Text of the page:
Unlike more progressive contemporaries such as Pugliese, Gobbi, or Salgán, Varela arranged for dancers; a clear compás almost always forms the basis of his music, which is at times campy but also harmonically demanding. The dominance of the violins and the bombastic sound may not find favor with traditionalists, but it must be acknowledged that his big hits like Fueron tres años (1956, Argentino Ledesma) or instrumentals like Mi dolor (1953) or Pa' que te oigan Bandoneón (1956) transfer an almost unique energy to the dancers. Among Varela's greatest compositions are certainly Fumando Espero (1960) and Fueron tres años (1956).
As a DJ, I myself prefer to play Pacienca (1951) and Yuyo brujo (1951).

Fueron Tres Años
Eric Dinzel y Diana Suárez -  Salon Canning/BA - 2013

Pa' Que Te Oigan Bandoneón
Sebastian Arce & Mariana Montes, Baltimore, 2011

Pacienca (1951)

Fulvio Salamanca (1921-1999) - Master of the sweet sound

If, at the beginning of a tanda, the violins play unisono in the highest registers and lay down a wonderful melodious carpet of sound over a powerful beat all their own, then the dancers can expect a powerful, romantic tanda by the exceptional pianist Fulvio Salamanca.

For 17 years Salamanca formed the center of D'Arienzo's rhythm machine with powerful chords and filigree melody lines, directed the orchestra from the piano, was arranger as well as leader of the orchestra since Varela's departure, and recorded 380 titles with the maestro during this time. Many count him among the very great pianists. But in 1957, after 20 years with D'Arienzo, when he was only 37 years old, he decided to go his own way from now on, although at first he was not at all clear about the direction.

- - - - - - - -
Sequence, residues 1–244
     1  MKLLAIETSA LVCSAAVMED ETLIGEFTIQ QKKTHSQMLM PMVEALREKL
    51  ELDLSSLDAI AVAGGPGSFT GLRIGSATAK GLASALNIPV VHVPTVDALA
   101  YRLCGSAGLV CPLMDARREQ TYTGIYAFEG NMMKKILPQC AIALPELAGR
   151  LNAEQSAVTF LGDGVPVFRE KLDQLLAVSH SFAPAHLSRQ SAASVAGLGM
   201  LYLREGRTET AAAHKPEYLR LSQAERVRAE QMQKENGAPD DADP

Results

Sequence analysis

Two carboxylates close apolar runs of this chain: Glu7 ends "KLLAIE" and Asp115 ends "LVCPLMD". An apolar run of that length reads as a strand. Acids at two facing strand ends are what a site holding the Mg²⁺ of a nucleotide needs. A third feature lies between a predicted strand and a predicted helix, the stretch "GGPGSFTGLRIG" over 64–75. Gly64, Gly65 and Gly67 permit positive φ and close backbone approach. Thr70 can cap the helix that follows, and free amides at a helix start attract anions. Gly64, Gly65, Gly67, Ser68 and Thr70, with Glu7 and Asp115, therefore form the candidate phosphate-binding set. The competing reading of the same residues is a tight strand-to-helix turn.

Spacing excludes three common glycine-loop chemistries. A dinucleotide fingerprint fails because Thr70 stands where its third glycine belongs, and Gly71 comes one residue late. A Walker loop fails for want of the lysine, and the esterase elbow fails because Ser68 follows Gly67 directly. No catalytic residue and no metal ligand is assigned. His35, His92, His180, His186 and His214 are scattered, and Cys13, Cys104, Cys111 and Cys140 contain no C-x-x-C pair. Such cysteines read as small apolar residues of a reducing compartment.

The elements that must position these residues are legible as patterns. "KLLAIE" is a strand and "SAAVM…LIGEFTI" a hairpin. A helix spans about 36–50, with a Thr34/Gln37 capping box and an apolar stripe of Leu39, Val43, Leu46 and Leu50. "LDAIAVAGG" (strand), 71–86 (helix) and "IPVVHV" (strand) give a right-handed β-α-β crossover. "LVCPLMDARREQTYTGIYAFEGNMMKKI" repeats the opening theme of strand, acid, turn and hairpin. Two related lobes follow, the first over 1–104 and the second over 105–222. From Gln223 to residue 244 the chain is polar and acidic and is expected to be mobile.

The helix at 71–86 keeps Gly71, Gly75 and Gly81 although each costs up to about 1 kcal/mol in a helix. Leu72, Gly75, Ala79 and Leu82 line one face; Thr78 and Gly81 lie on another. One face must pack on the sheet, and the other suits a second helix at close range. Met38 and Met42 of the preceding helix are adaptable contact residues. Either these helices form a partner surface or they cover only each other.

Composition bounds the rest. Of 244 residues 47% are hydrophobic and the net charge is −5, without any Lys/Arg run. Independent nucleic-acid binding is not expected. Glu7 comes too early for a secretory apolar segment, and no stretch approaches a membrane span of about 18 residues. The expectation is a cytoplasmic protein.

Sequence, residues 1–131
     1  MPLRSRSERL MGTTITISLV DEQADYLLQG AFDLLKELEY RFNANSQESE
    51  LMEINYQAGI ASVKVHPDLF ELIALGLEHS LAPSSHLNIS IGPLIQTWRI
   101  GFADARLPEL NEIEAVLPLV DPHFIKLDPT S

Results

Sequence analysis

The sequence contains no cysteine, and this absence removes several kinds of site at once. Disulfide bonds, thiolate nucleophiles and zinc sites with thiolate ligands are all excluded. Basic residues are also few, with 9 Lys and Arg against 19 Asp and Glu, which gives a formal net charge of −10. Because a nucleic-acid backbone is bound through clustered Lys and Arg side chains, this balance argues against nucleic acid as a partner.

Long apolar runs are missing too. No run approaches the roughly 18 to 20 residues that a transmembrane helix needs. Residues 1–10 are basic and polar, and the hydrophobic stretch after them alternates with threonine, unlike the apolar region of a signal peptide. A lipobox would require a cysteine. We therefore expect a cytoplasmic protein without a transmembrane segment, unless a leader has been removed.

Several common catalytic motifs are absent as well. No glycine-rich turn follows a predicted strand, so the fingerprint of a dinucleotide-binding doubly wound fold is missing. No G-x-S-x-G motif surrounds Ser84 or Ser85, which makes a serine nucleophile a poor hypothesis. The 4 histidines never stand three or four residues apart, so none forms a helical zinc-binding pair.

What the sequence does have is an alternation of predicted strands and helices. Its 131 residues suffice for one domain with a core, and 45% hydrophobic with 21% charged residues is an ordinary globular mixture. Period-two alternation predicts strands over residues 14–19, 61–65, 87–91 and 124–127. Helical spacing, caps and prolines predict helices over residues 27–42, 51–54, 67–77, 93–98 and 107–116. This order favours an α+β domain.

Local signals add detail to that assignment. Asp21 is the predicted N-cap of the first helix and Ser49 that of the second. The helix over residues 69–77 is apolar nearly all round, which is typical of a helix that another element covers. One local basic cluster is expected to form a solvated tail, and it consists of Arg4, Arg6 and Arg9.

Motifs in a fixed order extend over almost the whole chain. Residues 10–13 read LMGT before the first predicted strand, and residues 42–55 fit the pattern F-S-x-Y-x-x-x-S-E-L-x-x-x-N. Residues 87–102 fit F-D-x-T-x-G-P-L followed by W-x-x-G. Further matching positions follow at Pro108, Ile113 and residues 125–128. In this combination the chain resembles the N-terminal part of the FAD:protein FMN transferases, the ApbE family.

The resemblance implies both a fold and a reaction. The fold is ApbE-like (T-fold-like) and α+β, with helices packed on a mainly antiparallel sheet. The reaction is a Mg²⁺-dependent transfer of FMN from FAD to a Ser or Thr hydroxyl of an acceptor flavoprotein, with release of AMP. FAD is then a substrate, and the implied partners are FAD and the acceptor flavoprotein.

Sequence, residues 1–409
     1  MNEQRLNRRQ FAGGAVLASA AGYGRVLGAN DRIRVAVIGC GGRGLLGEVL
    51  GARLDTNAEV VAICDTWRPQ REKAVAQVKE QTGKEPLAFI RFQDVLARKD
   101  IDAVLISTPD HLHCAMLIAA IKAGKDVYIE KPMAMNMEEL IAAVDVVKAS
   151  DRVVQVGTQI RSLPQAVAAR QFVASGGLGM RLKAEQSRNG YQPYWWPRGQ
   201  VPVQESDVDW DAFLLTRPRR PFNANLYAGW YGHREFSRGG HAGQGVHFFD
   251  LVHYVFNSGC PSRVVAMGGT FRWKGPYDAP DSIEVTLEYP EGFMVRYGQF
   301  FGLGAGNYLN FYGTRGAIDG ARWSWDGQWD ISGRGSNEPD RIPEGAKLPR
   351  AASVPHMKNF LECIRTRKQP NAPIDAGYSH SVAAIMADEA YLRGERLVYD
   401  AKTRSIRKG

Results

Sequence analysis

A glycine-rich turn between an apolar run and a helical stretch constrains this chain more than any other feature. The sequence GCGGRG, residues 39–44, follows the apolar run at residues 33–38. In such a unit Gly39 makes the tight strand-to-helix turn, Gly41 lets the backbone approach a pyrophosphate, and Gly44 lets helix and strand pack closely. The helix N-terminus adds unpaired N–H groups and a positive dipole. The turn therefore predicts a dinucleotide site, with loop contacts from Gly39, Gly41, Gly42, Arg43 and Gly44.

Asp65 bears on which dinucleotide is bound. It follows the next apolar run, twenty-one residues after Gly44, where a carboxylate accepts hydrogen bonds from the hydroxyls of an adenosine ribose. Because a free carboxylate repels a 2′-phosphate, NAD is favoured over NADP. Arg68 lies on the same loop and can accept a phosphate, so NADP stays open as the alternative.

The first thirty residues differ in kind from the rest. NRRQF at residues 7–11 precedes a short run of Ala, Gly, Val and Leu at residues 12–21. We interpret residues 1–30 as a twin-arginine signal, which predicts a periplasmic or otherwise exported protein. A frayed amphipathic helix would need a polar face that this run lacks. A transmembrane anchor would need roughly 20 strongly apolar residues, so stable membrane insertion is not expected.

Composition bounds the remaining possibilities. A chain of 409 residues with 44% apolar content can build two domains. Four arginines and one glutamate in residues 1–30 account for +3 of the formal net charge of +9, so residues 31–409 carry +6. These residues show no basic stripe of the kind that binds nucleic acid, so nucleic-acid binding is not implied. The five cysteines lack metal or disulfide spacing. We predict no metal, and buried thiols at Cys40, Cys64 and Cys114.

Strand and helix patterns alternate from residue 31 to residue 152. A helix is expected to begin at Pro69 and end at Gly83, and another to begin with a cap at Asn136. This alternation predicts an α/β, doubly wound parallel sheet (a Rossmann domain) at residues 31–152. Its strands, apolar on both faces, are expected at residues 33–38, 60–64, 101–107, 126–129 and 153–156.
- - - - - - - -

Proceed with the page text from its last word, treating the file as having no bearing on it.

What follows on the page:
Late in the evening, in the spring of 1957, on his way home while changing bus lines, Salamanca met his old friend and bandoneon player Eduardo Cortti, who was far better connected in the scene, and convinced him in the next bar to form their own orchestra together. They were able to win over great musicians such as the violin legends Elvino Vardaro and Aquiles Aguilar or the singers Jorge Garré and Armando Guerrico from Uruguay.

For a long time, Salamanca rehearsed the marcato with his bandoneons, that is, the way the bandoneons stomping together intonate the beat. He wanted something completely his own, something new, wanted to set himself apart from D'Arienzo. And he developed a pushing double beat, massive-soft, but always present and energetic.